The really sexy (if that’s the appropriate word) question is whether the Supreme Court’s cult of fecundity can protect “life” in Jenny Kleeman’s high tech future of “sex robots and vegan meat.” If everything else can be cooked up in high tech labs, then what of life itself? Banning abortion or condoms might be a 19th-century fix for a 21st-century problem. Even Clarence Thomas might not have a regulatory fix for this.
In Handmaid’s Tale, you’ll remember, Margaret Atwood warned that the greatest casualty in a society organized around the cult of fecundity is love. And that’s a warning echoed in Debora Spar’s new book, Work Mate Marry Love. For Spar, however, the end of the world of love is a feature of our internet age. Social media, Spar told me, is killing both the theory and practice of love. Young people on Tinder or Match, she says, don’t believe in it anymore. It’s just another variation on the passing of Peter Zeihan’s “perfect moment.”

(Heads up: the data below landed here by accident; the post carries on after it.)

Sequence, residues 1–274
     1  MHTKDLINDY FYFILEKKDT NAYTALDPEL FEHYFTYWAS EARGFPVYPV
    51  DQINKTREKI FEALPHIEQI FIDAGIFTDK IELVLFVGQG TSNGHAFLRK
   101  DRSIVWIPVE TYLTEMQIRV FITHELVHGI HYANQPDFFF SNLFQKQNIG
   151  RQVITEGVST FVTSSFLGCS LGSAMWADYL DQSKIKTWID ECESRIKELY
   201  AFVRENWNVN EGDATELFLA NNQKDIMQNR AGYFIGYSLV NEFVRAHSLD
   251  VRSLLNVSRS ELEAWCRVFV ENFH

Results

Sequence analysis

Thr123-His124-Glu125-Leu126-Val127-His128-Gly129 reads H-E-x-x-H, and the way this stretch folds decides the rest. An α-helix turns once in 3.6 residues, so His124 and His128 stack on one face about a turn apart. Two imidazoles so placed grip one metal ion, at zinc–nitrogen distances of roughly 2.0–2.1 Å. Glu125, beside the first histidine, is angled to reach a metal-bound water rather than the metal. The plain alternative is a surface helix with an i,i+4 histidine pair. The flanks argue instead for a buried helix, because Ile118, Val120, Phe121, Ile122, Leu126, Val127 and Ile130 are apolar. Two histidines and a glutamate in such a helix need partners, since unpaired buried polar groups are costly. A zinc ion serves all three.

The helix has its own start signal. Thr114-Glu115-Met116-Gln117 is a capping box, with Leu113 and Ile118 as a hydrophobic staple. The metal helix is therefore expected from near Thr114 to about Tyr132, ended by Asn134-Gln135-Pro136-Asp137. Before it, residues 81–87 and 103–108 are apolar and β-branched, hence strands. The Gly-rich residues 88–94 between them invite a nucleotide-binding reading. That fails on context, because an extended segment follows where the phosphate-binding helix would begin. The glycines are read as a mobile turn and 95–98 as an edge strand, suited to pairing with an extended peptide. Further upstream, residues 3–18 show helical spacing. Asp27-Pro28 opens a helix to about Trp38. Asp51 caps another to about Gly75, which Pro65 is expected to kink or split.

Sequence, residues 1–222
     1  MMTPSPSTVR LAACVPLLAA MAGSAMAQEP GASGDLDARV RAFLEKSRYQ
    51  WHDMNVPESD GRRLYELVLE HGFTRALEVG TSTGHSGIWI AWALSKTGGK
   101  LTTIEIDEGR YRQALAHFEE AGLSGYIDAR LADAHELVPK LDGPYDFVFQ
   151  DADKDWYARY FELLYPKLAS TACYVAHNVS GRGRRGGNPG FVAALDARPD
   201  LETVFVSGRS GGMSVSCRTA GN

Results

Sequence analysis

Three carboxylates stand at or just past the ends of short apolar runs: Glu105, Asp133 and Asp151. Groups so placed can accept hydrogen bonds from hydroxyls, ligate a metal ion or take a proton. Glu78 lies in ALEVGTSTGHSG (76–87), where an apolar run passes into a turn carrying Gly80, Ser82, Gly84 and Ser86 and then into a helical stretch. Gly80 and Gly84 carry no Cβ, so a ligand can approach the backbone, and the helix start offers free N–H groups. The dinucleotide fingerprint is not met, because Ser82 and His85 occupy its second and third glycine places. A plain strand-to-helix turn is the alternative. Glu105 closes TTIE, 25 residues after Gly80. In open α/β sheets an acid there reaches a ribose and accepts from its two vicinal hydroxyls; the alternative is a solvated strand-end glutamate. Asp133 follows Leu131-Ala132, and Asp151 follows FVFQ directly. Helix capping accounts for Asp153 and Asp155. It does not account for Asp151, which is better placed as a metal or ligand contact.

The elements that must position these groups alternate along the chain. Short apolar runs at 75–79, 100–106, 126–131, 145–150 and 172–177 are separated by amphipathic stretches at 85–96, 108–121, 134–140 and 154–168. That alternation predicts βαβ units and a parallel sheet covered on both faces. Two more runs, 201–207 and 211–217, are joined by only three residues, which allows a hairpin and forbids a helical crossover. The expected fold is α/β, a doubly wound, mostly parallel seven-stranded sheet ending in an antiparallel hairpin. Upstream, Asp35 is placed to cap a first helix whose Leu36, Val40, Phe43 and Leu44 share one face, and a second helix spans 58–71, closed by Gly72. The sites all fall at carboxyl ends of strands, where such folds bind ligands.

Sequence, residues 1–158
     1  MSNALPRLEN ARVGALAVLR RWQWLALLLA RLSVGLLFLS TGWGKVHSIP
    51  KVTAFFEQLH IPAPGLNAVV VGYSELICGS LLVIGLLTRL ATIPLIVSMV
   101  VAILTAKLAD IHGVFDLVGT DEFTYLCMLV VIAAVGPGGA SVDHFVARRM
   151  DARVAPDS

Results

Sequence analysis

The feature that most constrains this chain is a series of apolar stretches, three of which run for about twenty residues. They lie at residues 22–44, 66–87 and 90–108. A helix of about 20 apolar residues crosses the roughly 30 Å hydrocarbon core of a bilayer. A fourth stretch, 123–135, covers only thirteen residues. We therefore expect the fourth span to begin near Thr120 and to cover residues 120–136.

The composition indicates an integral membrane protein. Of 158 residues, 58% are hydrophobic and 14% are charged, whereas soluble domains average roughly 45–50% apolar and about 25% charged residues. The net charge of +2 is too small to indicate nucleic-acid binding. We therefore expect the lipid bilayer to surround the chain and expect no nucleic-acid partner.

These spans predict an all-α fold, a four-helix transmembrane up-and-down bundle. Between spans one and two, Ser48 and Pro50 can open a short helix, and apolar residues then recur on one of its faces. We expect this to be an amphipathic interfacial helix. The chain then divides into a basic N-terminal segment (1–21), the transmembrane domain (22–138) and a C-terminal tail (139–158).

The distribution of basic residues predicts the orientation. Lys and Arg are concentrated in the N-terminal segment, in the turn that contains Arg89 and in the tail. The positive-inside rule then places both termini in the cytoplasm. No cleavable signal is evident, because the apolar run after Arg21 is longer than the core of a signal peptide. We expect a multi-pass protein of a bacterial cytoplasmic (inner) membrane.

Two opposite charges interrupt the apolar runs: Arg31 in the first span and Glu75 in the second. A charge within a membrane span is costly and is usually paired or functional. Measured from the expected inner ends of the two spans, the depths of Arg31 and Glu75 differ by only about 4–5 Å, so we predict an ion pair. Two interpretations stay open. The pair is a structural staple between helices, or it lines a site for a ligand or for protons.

There’s one thing, I think, that Zeihan’s book misses. When everything collapses around us, our natural impulse is to look backwards rather than forwards. As Walter Benjamin recognized in The World of Art in an Age of Mechanical Reproduction, nostalgia is the most concrete cultural manifestation of societal flux. So the new thing at a time when The End of the World is Just a Beginning, is a romance for the past. Nostalgia for prosperity. Nostalgia for work. Nostalgia, above all, for love.
And this nostalgia for love was captured in a Keen On conversation I had this week with Emma Brodie, the young author of Songs In Ursa Minor, a novel based on the 1971 love affair between James Taylor and Joni Mitchell. The funny thing is that the counterculture might now be remembered by young writers like Brodie as love’s last stand.
And in a week when an 80-year-old Paul McCartney performed with age-defying magic at Glastonbury, I asked Brodie what we will do when artists like McCartney and Mitchell and Taylor are no longer with us. Mmmmn, that’s a good question, she said. But, in June 2022, at a time when our perfect moment is passing, she didn’t have the answer.